Here is the latest “Bugle Midpoint,” a mid-month Web report on some new local news and information since the publication of our September issue:

Free apple cider making webinar Sept. 24

The Good Acre, a nonprofit food hub in Falcon Heights, is offering a free webinar from 5 to 6 p.m. Thursday, Sept. 24 on the art of making apple cider. The webinar will be led by cider makers from the Minneapolis Cider Co.  In this virtual class, you’ll learn about the different varieties of local cider and spirits made at Minneapolis Cider Company. Head cider maker Rob Fisk will share insights into this year’s apple season and the different types of apples he likes to use. For more information, click on Discover: Apples with Minneapolis Cider Co.
       You’ll also be guided through a cider tasting, with sampler packs of cider available for pickup at Minneapolis Cider on Wednesday, Sept. 23. 

Oct. 1 deadline for Master Gardener program

The application period to become a University of Minnesota Extension Master Gardener is open through Oct. 1.

Extension Master Gardeners bring science-based horticulture knowledge and practices to Minnesota, promoting healthy landscapes and building communities through volunteer efforts.

Master Gardeners are respected as reliable sources of gardening information for Minnesotans. The University of Minnesota has trained thousands of Master Gardeners; each year, they contribute more than 140,000 hours of service in Minnesota communities.

This year, the training will be all online and spread out over 14 weeks, making the program more student-friendly than ever.

To become a Master Gardener, individuals commit to complete online training and 50 hours of volunteering in the first year. After the first year, they commit at least 25 hours to annual volunteer work to the program.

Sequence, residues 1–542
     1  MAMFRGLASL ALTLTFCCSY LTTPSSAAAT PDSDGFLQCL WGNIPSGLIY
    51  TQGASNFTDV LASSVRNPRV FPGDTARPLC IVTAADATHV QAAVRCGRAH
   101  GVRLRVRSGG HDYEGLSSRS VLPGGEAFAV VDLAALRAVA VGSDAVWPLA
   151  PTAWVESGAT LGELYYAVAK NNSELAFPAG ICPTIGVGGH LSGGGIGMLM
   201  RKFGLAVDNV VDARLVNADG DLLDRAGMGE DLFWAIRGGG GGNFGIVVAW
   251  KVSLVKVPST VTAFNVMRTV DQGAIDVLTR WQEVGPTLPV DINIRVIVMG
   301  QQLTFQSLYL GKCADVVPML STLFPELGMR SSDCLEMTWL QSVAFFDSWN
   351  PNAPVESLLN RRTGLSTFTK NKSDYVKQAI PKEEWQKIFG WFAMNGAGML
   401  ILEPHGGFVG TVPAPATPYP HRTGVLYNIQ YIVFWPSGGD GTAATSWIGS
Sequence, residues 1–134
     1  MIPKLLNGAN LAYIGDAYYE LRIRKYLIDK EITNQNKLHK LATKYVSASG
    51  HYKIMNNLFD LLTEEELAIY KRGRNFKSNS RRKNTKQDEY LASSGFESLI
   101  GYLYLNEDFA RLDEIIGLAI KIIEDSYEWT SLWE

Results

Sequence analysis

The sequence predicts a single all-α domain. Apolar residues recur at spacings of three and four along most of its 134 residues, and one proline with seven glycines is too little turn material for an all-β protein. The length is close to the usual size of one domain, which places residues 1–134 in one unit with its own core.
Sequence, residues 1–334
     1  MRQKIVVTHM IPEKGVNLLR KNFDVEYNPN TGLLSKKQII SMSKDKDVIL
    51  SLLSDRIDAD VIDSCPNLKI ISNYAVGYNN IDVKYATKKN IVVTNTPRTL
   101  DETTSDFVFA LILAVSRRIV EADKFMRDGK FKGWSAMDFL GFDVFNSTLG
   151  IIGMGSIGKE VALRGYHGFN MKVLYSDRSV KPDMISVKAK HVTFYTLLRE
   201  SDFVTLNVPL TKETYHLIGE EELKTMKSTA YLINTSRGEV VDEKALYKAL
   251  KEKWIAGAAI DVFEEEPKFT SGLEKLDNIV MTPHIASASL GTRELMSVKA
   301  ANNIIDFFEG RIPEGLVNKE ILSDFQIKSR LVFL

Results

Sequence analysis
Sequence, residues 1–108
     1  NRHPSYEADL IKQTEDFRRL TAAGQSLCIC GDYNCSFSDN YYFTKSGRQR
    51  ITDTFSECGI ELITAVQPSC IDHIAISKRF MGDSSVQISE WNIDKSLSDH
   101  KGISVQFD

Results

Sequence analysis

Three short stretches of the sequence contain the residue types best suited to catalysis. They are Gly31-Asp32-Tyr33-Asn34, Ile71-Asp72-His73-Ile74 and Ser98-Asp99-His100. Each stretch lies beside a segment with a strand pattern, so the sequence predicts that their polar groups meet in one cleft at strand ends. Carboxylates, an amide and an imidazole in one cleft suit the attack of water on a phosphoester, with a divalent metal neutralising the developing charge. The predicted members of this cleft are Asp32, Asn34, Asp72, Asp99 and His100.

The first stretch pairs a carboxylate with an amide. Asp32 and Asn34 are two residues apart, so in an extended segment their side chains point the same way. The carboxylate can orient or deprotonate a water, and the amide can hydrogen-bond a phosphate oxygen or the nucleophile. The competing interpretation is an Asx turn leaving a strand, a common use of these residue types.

“Now more than ever, people around the state are turning to gardening as a soothing, family-friendly endeavor and a way to serve neighborhoods and communities,” said Tim Kenny, statewide director of the, Extension Master Gardener Volunteer Program. 

To learn more about the program and apply, visit

Yermakoff works at Boreal Art Loft

The art loft art at boreal, a gift, jewelry and clothing store at 2276 Como Ave., is now featuring the landscape watercolors of local artist Nanci Yermakoff through Sept. 29. Loft hours are 9:30 a.m. to 5 p.m. Mondays through Saturdays and 10 a.m. to 4 p.m. Sundays.

In the October Bugle

Coming in our next issue of the Bugle: Our annual Food & Drink guide appears with an update on how some local restaurants are faring with the continuing COVID-19 pandemic.

       We also get a jump on election season with stories on the St. Paul School Board candidates and the Lauderdale mayor and City Council.

       Meanwhile, due to space constraints in the print edition, we will feature information on state legislative races on our Bugle website in October.

Letters to the editor

Dealing with COVID-19

My daughter has started fifth grade at a Montessori school. Over the summer, the school sent a survey to parents asking if they would enroll their kids for another year if the school did not offer face-to-face instruction. Sixty five percent of families said they wouldn’t. The school was already facing financial problems. Not having a full roster of students enrolled would mean it would have to close down permanently.

        Now, the school has reopened. They’ve taken some safety precautions, like keeping class sizes small, using outdoor spaces and improving the HVAC system. But there’s still a lot of uncertainty about what this school year will look like. We still don’t have a vaccine and until we do, there will always be a risk for infection.

       Throughout the pandemic, President Trump has said he wants things to return to normal as quickly as possible. He wants football stadiums to be filled with fans. He wants to return to doing political rallies ahead of the election. He wants schools to reopen. And while I want my daughter to see her teachers and classmates, I struggle with the very real health consequences that come with that.

       From the beginning, scientists and public health experts should have taken the lead in our national response to the pandemic. They were sidelined. I wonder how many families would have responded differently to the survey if the only voice they heard was from a public health expert, rather than President Trump’s? 

       One of the pledges Joe Biden made if elected is to ask Dr. Fauci to stay on and help with the government’s response. Following science is how we’ll get out of this crisis.

                                                                                               Pam Bosch, Roseville

Leave a Reply